“JVs are built up on personal relationships, a ‘my word is my bond’ kind of thing. But as the projects get bigger and more complex the JV is formalised”
To Fergusson and Steadman it is a JV in all but name, however. “We secured the runway project together as a stand-alone scheme,” notes Fergusson. Colas and Volker Fitzpatrick are two of 10 contractors to have secured a place on Gatwick Airport’s £1.2bn new major works framework, which will deliver improvements and upgrades across the airport over the next four years comprising building and civil engineering packages.
But the A45/Birmingham Airport job is a true JV - the sealing of the relationship in a binding agreement - and this is what makes it so special.
“You get access to two strong supply chains. So in a short tender period it helps you quickly get a wider pool of suppliers”
Fergusson is almost misty eyed as he recounts the approach. “JVs are built up on personal relationships, a ‘my word is my bond’ kind of thing,” he explains. “But as the projects get bigger and more complex the JV is formalised,” he says.
“Then when we bid together it is a seamless process. Our planners and programmers really get to know each other,” he says. There are other benefits too.
“You also get access to two strong supply chains feeding into the one bid,” says Fergusson. “So in a short tender period it helps you quickly get a wider pool of suppliers,” adds Steadman. “You also get double the resource for bidding and double the resource for delivery.”
On the ground it is also a case of one team not two companies. “The organigram for the team is populated by staff from Colas and Volker and there is no distinction between the road and airport parts of the project,” says Fergusson. “It is an equitable team.
On the horizon
Looking ahead, there are other jobs the firms are bidding for together. The JV is preferred contractor for Portsmouth City Council’s £20M project to build a new junction off the M275 motorway at Tipner.
It has also teamed up with URS to bid for Transport for London’s new term maintenance contracts.
“This wider collaboration might have started off in airfields but has now very much rolled out into highways,” says Fergusson.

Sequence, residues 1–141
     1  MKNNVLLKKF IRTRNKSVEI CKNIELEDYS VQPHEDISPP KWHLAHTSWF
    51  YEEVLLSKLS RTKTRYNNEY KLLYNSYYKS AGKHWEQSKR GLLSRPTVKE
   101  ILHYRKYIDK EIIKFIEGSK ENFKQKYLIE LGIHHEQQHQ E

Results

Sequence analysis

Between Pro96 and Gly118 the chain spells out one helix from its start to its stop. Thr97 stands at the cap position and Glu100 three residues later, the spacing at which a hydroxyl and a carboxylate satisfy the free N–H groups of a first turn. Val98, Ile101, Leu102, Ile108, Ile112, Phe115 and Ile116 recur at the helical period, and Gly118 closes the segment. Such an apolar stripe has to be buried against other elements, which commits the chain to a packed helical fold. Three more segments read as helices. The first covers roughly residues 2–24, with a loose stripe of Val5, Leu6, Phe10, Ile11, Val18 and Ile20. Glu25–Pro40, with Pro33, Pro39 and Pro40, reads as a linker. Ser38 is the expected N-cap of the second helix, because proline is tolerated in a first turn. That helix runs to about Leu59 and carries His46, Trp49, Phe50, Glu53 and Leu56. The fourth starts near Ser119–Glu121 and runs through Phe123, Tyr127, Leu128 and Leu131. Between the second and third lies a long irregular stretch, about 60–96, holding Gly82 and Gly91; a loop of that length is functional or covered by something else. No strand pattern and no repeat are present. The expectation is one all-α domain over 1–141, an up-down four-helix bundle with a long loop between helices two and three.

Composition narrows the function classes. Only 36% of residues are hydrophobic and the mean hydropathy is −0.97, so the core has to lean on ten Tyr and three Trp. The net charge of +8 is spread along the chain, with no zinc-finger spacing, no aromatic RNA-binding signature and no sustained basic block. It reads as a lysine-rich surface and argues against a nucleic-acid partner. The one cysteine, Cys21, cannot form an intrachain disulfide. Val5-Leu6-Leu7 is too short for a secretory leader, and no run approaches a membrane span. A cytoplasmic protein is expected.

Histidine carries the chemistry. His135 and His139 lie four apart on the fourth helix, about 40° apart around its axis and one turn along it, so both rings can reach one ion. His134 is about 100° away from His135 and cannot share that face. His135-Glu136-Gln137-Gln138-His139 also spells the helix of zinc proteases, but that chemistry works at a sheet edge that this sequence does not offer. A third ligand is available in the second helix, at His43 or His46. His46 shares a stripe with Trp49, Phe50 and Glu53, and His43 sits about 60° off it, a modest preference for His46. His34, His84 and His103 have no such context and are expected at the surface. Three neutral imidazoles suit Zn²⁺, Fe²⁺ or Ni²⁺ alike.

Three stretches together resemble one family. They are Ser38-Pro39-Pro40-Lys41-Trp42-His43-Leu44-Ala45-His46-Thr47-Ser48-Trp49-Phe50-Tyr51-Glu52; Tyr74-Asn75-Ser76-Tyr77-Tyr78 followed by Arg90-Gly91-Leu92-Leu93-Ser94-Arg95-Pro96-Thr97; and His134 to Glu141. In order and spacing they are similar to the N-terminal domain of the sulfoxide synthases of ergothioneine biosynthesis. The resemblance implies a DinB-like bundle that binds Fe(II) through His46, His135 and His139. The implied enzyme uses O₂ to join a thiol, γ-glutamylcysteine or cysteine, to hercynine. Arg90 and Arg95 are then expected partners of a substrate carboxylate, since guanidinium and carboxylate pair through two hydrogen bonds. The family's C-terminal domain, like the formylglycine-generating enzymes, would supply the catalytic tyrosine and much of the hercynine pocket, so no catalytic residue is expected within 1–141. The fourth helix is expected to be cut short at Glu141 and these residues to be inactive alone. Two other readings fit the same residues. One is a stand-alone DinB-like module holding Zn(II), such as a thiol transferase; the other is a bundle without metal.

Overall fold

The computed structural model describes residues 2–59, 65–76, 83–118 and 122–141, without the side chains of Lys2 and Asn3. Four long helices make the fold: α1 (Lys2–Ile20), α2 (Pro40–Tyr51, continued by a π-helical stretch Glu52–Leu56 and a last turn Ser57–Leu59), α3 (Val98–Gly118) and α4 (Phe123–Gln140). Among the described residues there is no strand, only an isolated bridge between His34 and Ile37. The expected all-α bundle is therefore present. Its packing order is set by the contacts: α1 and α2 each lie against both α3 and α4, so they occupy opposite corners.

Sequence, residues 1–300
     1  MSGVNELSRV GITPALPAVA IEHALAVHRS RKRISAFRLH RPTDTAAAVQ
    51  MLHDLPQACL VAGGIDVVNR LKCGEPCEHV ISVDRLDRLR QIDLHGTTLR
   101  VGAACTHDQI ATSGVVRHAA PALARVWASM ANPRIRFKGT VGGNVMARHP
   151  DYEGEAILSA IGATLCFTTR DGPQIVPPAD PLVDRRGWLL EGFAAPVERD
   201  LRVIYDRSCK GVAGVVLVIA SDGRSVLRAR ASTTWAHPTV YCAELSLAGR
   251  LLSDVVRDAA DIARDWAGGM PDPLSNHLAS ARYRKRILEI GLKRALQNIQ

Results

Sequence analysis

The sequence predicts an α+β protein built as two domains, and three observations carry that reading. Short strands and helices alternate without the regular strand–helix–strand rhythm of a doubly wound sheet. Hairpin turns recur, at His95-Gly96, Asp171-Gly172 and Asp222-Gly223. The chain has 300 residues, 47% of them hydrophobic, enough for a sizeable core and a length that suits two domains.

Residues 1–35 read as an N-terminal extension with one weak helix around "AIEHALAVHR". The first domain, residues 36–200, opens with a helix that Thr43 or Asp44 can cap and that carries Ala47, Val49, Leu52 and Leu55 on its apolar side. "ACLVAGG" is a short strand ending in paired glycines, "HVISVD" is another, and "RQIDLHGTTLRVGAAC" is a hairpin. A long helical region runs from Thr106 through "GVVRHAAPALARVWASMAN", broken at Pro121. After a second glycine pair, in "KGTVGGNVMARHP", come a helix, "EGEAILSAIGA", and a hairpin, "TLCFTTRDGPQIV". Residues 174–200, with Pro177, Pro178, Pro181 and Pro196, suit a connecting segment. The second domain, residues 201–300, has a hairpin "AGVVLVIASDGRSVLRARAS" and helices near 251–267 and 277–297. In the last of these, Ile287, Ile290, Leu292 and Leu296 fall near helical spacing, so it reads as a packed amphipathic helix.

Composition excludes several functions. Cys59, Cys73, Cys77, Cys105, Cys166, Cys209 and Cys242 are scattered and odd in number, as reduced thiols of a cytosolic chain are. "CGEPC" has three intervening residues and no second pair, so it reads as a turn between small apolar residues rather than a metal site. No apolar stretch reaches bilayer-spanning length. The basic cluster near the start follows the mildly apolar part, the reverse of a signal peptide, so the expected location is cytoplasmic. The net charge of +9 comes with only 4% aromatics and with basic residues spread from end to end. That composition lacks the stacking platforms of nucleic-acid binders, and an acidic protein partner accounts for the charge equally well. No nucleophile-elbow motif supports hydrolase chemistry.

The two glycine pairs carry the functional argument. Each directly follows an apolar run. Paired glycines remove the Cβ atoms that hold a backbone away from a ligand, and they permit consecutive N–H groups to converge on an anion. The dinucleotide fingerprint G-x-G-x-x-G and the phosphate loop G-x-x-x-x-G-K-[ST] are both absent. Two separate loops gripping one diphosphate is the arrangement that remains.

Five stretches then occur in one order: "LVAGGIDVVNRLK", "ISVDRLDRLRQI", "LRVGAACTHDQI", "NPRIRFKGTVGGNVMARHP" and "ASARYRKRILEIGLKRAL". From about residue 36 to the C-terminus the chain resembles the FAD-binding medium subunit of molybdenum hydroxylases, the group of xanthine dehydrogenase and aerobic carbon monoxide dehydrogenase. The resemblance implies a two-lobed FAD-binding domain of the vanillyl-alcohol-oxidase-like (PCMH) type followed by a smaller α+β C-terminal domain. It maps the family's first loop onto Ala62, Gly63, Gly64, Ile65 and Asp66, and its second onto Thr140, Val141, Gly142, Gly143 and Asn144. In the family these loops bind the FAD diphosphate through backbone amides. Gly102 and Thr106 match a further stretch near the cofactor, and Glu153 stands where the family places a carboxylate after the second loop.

And the sky is the limit in terms of future collaboration. Colas is eying up airports work internationally; Volker Fitzpatrick is already working in Canada; and Fergusson and Steadman see no reason why the partnership would not work abroad. “It is early days yet, but when it comes to looking at the resources needed to work overseas, you take your strongest team,” says Fergusson.
“We’ve already been doing work in Calgary, so if the opportunity was right we wouldn’t shy away,” adds Steadman.
A45 transport corridor improvement
Fitzpatrick and Colas have been named as joint venture contractors for two major Midlands construction projects.
They are the £32M A45 Transport Corridor Improvement Scheme and the £33M runway extension at Birmingham Airport, both of which were awarded after a competitive tender process run by Birmingham City Council. The JV has brought in Halcrow as designer.
The two projects are being developed together due to their close proximities and timeframes.
“Put simply we have got to move the A45 before we can build the runway extension - so the projects are intertwined,” explains Volker Fitzpatrick civils MD Des Steadman.
There are also obvious cost savings to be made from tying up two projects so closely located. These include increased purchasing power, combining utility diversion works, reducing construction overheads and minimising the need to export and import earthworks materials.
“As an example, just over 500,000m3 of earthworks will be excavated for the road with all but any contaminated material staying on site,” explains Steadman. “The best material won on site is to be placed as structural fill under the runway. The lesser material will be used as environmental bunds around the enlarged airfield perimeter.”
Work will begin on the A45 in July, and is expected to be complete by summer 2013. The estimated start date for the runway extension is June 2013, with an operational date of spring 2014, following full commissioning and flight testing. The A45 scheme may chiefly be about diverting the dual carriageway to allow for the runway extension, but it will also regenerate the link, cutting congestion. A dedicated bus lane to the airport will be built as part of the scheme.
Meanwhile, the 405m runway extension will enhance the airport’s capability, allowing it to receive aircraft types flying directly to long-haul destinations. These require a longer take-off distance than the current 2.6km runway allows. “At £65M it is not a massive construction job, but we recognise the strategic importance of this project to the region,” says Steadman.